Technical Skills
Drafting, also called slipstreaming, is the practice of positioning the vehicle right behind a leading vehicle (mere inches between bumpers), creating a vacuum as the lead vehicle cuts through the air. The aerodynamics of drafting cause both vehicles to travel faster utilizing less energy, since it reduces drag and wind-resistance. Learning how to draft properly and efficiently is important in learning key passing strategies like slingshot passing and bump drafting.

Drifting is another technique used in motorsports where the driver purposely oversteers into a turn so that the rear wheels slide due to the lack of traction on the road. Students are taught how to feather the gas into the turn, how to power oversteer, gear shift quickly and properly in order to lock the wheels without using the brake and countersteer to exit the turn safely. Learning the art of drifting teaches students about speed, angles of approach, how to control the slide into the corner and how to recover out of the skid to exit the corner.

Safety and Teamwork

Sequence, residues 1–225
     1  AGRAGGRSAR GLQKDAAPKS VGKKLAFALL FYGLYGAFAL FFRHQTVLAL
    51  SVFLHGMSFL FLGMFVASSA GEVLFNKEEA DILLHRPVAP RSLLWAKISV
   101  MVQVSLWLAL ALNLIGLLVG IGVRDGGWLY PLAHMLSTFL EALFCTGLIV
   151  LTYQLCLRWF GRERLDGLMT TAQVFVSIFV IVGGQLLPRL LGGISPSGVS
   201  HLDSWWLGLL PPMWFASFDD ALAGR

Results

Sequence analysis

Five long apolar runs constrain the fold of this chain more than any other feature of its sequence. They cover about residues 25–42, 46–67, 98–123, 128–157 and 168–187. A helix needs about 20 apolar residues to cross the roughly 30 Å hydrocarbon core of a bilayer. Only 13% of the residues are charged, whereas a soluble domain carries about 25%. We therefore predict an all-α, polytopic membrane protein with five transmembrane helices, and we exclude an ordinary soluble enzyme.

Safety and teamwork go hand in hand when it comes to racing. Driver and crew must be in communication constantly while the car is on the track--it can mean the difference between winning a race and losing, and more often, staying safe or crashing. Students are trained on the lingo used to effectively communicate with the pit crew on the technical issues about the race car's performance, as well as physical conditions the driver may experience. The sheer number of laps in NASCAR-style racing often number in the hundreds, coupled with the heat, tests human endurance levels. Safety equipment like firesuits, helmets and HANS devices for the driver, restraints, web netting, and restrictor plates on the vehicle are reviewed in-depth. Graduates are also taught track safety, for example, proper rolling and standing starts and the meaning and use of the various flags used on the track. Additionally, safety features on the track itself, like soft walls (energy absorbing walls, vs. concrete walls) are necessary subjects for drivers to understand.